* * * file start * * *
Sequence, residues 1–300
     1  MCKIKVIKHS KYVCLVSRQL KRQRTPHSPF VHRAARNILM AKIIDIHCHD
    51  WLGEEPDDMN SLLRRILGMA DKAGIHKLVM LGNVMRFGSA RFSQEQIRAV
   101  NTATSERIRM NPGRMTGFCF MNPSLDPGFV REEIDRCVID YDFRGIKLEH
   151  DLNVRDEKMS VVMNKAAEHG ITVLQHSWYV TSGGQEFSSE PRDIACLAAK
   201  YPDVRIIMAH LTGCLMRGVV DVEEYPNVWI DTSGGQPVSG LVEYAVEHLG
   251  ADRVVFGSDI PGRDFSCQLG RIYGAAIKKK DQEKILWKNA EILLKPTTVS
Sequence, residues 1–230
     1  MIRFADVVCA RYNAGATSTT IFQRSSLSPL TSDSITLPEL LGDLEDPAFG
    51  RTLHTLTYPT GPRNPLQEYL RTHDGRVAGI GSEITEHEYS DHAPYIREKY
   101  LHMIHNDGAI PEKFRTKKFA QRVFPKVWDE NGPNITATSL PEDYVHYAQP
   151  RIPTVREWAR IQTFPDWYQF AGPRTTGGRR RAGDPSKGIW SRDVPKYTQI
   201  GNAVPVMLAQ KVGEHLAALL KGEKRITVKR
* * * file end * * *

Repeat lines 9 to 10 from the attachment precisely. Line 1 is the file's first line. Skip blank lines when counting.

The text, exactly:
     1  MIRFADVVCA RYNAGATSTT IFQRSSLSPL TSDSITLPEL LGDLEDPAFG
    51  RTLHTLTYPT GPRNPLQEYL RTHDGRVAGI GSEITEHEYS DHAPYIREKY